Just a few weeks left and the kids will be home for the summer. Some of you may be looking forward to all of the fun activities you have planned, while others are wondering how in the world you will make it to August without committing a murder/suicide!
Some tips for you Mom’s that you may already know, but probably bear repeating!
- Do not be surprised when your kids act like kids! Yes, they will fight, whine, complain and sleep. They will say they are bored then argue about not wanting to do the things you plan to keep them busy. That is what kids do, and if you start each day waiting for it you will handle it much better.
- Create some structure. Have a daily list of tasks for them to complete. Don’t argue about it. Simply let them know nothing else happens if they don’t complete them. Be selfish and choose things that benefit you!
- Have them make suggestions on activities early on and plan them. Don’t worry if they all do not want to take part. If you leave one or more to be by themselves or do something else that is fine. Time alone with individual kids is always good for them and you.
- Always schedule time for you! You are of no use to anyone else if you are not doing things that re-fuel and feed you! Plan ahead for those things as well, and you will find that you will experience the feelings of resentment less on the days when you do not have a moment to yourself!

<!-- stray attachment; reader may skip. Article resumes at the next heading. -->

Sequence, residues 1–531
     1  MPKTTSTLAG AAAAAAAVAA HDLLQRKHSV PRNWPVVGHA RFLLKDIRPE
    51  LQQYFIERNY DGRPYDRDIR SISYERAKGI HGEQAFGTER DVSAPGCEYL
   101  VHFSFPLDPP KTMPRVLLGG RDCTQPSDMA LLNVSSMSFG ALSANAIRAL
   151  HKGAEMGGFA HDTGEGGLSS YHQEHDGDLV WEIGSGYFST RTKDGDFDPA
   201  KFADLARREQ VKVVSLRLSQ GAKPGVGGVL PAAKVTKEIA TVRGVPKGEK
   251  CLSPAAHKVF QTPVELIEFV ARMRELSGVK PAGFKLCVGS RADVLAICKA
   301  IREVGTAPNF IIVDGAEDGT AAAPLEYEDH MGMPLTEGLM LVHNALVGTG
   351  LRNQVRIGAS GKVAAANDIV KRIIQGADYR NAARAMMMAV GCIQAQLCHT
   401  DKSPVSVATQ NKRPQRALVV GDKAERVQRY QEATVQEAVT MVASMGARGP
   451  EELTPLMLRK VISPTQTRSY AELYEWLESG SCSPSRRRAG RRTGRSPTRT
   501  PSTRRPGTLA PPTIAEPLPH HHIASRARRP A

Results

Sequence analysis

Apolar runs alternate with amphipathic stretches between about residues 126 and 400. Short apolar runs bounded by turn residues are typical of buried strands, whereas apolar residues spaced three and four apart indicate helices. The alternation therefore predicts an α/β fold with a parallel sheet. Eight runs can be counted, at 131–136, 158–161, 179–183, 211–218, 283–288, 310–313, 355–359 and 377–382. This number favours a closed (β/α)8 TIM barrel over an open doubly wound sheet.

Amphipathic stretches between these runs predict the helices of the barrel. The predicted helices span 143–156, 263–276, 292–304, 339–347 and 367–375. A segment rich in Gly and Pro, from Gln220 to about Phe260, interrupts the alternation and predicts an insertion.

Raising kids with disabilities is not easy. Watching children struggle to do the things that other kids do is frustrating as well. Despite this, we all have a chance to play a positive role in their lives. Similar to other kids, they need love, support and structure.
In my tenure as a counselor I have worked with many parents who have committed their lives to children with varying issues. Their love, patience and tenacity have inspired me throughout the years. In being taught from their successes, and working to help those who were struggling, the basics of what disabled children need became evident.
- All children need love and acceptance.
- Especially in the case of children with special needs, structure is of the utmost importance.
- Accepting children for who they are and not being surprised that they act like they do will decrease your anxiety in dealing with them dramatically.
Whether “normal” or “special”, all kids are worthy of love and thrive in relationships where they know love and acceptance are present. When they know this, your ability to direct and support them increases. We all can play a role in the lives of children whether you are a parent, grandparent or just a friend. You may be the one to make a difference!